Does it matter what story Handke tells? Crossing the Sierra des Gredos has familiar elements - a walk to an airport (Across), the protagonist's enemies (Repetition, and all the others), the salvific power of the image (No-Man's Bay) ... but does it matter? There are books you read for the power of telling, rather than what is told, as though this power were a wave that gathered everything up and brought it back to you; as though that wave was already gathering itself there behind you, there years ago, in the German original (published in 2002), in the other books by Handke it recalls (the first published in 1966) - as that wave that began as the universe began and that retakes it all now, giving everything again.
That voice, that power of narrative: how is it that Handke sets his stories into the order of things, into the movement of stars or the arms of galaxies, in the great wheeling of the milky way as it trails stars through our night sky? There's a kind of patience to his telling. The strength of patience, the strength of time as it turns the seasons. As though the book had found Eliot's 'still point of the turning world' - that pole around which everything revolves.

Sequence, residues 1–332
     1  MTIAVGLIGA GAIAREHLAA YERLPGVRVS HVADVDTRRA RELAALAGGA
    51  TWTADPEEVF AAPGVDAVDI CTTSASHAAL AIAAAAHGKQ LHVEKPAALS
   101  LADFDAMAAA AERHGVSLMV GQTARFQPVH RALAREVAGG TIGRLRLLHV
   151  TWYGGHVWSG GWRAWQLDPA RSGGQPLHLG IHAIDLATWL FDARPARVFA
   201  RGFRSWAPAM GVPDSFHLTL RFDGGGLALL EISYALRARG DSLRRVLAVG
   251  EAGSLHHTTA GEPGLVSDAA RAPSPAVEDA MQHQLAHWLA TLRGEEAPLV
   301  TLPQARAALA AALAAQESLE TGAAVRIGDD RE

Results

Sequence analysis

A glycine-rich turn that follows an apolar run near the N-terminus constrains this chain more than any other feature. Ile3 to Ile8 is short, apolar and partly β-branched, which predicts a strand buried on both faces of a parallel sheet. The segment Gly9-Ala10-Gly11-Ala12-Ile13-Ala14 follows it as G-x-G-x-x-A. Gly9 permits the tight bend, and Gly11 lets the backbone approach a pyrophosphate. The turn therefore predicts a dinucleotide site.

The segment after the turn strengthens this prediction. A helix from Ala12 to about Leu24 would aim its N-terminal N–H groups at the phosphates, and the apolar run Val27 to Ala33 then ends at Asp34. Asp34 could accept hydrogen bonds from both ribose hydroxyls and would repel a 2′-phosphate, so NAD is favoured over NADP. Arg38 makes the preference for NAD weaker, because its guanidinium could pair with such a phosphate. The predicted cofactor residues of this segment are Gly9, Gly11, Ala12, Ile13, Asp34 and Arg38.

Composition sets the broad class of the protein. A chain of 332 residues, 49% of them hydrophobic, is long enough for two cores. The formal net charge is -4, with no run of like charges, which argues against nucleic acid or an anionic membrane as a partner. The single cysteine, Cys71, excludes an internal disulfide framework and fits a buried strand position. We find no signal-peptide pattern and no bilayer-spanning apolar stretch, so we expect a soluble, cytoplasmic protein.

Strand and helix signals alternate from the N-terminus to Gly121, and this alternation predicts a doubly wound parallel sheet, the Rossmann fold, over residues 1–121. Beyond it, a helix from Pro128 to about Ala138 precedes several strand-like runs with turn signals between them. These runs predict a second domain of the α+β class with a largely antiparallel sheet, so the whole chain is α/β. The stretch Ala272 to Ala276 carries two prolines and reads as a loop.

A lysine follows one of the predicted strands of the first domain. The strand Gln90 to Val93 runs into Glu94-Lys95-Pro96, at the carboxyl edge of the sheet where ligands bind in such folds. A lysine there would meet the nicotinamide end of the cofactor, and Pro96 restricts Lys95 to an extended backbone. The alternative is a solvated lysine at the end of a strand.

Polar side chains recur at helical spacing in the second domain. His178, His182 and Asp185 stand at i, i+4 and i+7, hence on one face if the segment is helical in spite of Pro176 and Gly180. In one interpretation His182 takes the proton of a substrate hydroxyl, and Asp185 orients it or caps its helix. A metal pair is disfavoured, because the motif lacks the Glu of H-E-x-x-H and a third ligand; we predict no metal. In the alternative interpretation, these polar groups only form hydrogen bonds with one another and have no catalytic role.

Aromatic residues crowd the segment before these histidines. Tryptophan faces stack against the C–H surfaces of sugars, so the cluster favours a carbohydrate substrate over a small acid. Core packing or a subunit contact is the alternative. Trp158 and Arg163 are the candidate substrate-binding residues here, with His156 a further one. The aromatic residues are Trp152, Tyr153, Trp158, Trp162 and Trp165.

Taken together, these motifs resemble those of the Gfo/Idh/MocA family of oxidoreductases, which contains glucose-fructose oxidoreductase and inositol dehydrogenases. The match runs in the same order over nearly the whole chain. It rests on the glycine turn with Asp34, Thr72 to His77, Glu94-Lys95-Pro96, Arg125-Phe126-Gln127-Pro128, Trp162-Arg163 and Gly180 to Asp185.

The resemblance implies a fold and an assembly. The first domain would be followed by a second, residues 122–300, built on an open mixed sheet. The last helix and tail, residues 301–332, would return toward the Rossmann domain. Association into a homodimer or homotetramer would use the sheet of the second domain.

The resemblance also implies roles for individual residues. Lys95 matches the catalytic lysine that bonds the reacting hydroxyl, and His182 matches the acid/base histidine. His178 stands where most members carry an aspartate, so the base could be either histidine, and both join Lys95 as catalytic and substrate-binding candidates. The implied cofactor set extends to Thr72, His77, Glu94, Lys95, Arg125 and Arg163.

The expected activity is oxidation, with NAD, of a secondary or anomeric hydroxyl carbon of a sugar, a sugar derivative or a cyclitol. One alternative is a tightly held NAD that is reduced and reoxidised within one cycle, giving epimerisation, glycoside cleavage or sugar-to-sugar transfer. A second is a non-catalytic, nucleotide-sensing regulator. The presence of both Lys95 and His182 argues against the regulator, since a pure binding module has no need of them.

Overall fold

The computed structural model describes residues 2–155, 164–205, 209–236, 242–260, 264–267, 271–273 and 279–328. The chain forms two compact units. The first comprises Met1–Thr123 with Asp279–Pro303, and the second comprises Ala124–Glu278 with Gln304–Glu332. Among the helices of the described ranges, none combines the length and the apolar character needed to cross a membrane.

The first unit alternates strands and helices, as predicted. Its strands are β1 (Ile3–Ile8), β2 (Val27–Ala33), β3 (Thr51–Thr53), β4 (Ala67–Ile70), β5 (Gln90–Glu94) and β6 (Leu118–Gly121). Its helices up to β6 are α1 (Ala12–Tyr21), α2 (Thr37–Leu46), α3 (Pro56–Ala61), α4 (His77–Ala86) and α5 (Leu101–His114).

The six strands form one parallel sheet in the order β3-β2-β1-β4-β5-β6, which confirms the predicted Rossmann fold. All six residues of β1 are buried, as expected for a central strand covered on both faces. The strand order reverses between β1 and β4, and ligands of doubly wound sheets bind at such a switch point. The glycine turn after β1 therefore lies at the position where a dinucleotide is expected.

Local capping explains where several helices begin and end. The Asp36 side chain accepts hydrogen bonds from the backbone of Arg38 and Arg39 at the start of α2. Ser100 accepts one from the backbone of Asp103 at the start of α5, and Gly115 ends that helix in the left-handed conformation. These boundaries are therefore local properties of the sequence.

How hard it is to explain! And what's the point! Read! Be read! The still point of time is looking for you. The power of telling wants to install itself at the still point of your life. What does it mean to read thus? To be read? To be the black hole at the centre of a galaxy, and around which it turns in its entirety?
I'm familiar with everything in Handke's book; he's told it before. A character almost at the same as the others. A traveller, a contemplator, a searcher for images. With enemies like his other characters. Who converses with a narrator like the chemist of One Dark Night ... who breaks from an old life like The Left-Handed Woman (the photograph above, at the top of this page bears this title). The same, the same and that is where Handke waits for us, at the still point from which the same is turning. In the kingdom of reccurrence.